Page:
However, in spite of all your hard work, you will unavoidably fail on your way to creation. Certainly, for the first time, nearly nothing will be perfect, or even good enough for that matter. Due to that, it’s important to learn how to be resilient when faced with failure.

Consider Stephen King, the novelist as your inspiration: he frequently scraps 300 pages in his pursuit to make a good book.

After these failures, rejection will usually follow; however, even this has significance in that it reveals to you where to next to and what to modify for your next try.

Anything you do, don’t be like Franz Reichelt, who disregarded both experts and his own data, all of which mentioned that his parachute design was faulty. In spite of this, in 1912, he jumped from the Eiffel Tower, and needless to say, he did not survive this.

Chapter 5 – In order to work creatively in a team, say “show me” all the time.

Although you have the influence to have a lot of creative work done by yourself, at times, it is better to work together with a team that shares your goals.

The best type of teams for creative projects are isolated, small and extremely motivated groups. It is even better to have groups of two.

The main aim of this group should be the creative discussion in which creative issues are known and fixed. In these discussions, the team will form a set of goals, whereby the individual team members have the liberty to work on their own.

Trey Parker, and Matt Stone, who are the inventors of South Park, also make use of this approach and are able to form and complete an episode within just six days. Firstly, they recognize and fix issues together. Later, they work on their own, and Parker is doing the first writing and directing which is then polished and refined by Stone.

But, at times you’ll see yourself in teams where excellent thinking isn’t supported. Unluckily, this is the situation for a lot of companies today.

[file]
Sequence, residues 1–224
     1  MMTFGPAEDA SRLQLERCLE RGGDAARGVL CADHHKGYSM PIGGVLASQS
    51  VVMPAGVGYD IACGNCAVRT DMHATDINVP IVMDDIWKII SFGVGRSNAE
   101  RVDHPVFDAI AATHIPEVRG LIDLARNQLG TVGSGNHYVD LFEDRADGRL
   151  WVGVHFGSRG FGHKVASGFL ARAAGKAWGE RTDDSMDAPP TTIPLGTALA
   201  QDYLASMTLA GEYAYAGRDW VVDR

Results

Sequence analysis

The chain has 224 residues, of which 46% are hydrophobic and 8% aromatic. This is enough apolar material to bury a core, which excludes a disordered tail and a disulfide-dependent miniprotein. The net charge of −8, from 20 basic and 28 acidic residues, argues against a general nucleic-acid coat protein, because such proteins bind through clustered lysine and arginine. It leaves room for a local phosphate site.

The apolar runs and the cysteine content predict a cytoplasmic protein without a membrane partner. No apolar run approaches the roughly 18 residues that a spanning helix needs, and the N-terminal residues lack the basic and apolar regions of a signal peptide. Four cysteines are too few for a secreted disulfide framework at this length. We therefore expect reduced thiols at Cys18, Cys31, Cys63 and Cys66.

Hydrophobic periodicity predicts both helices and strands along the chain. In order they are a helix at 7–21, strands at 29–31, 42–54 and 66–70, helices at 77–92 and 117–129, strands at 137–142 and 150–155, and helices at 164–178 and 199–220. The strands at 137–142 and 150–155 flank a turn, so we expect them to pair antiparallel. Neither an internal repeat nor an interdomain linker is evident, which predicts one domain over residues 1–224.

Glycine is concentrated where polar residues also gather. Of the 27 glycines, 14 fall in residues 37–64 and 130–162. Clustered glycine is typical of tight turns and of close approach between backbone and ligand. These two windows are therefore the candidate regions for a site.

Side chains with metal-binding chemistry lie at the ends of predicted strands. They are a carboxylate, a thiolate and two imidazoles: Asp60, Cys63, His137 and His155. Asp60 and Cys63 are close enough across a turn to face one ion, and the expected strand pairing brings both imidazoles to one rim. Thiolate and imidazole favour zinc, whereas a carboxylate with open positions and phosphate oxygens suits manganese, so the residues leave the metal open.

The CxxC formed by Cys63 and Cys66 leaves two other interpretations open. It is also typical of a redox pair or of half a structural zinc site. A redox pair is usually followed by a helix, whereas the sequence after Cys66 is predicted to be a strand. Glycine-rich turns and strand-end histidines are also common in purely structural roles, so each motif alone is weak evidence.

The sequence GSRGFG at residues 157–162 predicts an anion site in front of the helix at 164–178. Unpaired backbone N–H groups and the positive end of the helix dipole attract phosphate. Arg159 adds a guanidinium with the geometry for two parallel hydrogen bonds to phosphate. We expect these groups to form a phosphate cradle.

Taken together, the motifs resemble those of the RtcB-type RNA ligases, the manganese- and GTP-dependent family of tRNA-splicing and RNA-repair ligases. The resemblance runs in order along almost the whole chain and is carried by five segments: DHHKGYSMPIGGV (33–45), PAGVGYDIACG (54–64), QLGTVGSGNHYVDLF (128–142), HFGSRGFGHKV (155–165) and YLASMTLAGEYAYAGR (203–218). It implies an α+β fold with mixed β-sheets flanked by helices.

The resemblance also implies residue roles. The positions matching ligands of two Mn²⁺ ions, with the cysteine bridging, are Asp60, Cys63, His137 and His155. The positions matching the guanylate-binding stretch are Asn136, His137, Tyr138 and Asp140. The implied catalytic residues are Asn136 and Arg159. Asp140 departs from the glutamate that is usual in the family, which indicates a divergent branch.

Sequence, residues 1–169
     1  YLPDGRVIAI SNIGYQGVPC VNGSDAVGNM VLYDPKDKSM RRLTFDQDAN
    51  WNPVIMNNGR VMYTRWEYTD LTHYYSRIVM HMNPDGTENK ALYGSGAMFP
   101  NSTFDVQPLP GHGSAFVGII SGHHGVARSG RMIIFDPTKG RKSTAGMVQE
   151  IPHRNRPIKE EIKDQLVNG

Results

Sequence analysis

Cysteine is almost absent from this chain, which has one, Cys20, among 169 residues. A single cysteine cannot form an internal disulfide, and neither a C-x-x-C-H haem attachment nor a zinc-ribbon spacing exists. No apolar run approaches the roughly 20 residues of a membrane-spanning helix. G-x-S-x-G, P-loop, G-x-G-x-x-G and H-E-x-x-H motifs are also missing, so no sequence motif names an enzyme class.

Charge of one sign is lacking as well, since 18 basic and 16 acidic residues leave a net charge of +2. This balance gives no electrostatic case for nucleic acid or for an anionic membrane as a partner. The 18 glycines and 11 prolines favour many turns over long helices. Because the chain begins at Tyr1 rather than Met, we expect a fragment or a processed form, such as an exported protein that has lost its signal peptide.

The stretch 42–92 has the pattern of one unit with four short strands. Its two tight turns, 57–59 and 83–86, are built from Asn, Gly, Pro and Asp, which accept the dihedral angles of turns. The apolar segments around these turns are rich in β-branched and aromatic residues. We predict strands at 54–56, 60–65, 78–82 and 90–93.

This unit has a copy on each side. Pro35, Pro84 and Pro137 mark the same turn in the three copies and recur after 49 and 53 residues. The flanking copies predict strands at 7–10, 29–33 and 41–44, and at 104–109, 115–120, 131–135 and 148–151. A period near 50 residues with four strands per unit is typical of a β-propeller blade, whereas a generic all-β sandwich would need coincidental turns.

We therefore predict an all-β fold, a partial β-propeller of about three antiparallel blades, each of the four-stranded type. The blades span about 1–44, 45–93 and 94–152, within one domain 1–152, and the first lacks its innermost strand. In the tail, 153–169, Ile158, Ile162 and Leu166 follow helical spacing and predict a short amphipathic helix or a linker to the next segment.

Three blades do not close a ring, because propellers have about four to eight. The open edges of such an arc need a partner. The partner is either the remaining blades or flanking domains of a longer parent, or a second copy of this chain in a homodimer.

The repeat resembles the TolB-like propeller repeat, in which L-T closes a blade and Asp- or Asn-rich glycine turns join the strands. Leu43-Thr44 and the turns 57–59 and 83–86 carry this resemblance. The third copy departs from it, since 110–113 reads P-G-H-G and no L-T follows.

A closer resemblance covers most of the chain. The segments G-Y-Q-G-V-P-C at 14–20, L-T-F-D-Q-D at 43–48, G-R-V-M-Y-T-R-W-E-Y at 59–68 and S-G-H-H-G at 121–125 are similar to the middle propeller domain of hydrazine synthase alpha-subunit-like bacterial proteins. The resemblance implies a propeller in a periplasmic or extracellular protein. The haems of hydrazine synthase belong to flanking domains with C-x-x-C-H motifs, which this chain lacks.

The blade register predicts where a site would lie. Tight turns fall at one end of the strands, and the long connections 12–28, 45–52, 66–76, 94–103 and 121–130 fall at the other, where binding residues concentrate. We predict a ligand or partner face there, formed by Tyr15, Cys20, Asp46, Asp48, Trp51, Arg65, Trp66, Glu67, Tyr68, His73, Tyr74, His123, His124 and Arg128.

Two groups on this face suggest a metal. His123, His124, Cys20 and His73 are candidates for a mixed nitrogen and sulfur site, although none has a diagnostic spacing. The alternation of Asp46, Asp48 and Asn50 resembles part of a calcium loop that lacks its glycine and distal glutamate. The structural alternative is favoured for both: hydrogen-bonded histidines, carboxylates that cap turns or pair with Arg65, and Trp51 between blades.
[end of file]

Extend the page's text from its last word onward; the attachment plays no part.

Creativity intimidates the stability of the status quo, and hence, the majority of the organizations, therefore, repress creative people, either by design or by coincidence.

However, there are organizations that understand the power of creativity, and they take active actions to foster creative thinking.

One method to bring new ideas out into the open is by making use of a process called “show me.” This process revolves around the basic notion that to really know and acknowledge a new idea, you need to be shown, and not only told.

This doesn’t just bring novel ideas to the forefront; however, it also offers people the instant chance to test the strength of their ideas.

For instance, consider Clarence “Kelly” Johnson, who as a new person at the Lockheed plant in California confidently stated that their new airplane design, the Lockheed P-80 “Shooting Star,” was defective. Hall Hibbard, his boss was captivated. He said “Show me,” requesting Johnson to enhance the design. Therefore he did!

Johnson worked on the issue, fixing it with a “twin” tail and hence assisting to develop America’s first jet fighter.

How to Fly a Horse: The Secret History of Creation, Invention, and Discovery by Kevin Ashton Book Review

You don’t need to be a genius to invent. As a matter of fact, anyone can do it. With steady hard work and recurrent failure, you will prosper in making a new thing; hence adding to the generations of creative thought which act as the basis for novel thinking.

Your ideas are never really off-the-wall.

When next you are concerned that your idea is really wacky to become beneficial or accepted; pause and think: “Great! This signifies I could be up to something!” Ideas that are wacky should be treated with the exact examination and persistence as any other idea. Judah Folkman as well, who modernized cancer therapy with his thesis that tumors were formed in the patient’s own blood supply, was rejected for having a new and left-field idea at first!

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Savaş Ateş

I'm a software engineer. I like reading books and writing summaries. I like to play soccer too :) Good Reads Profile: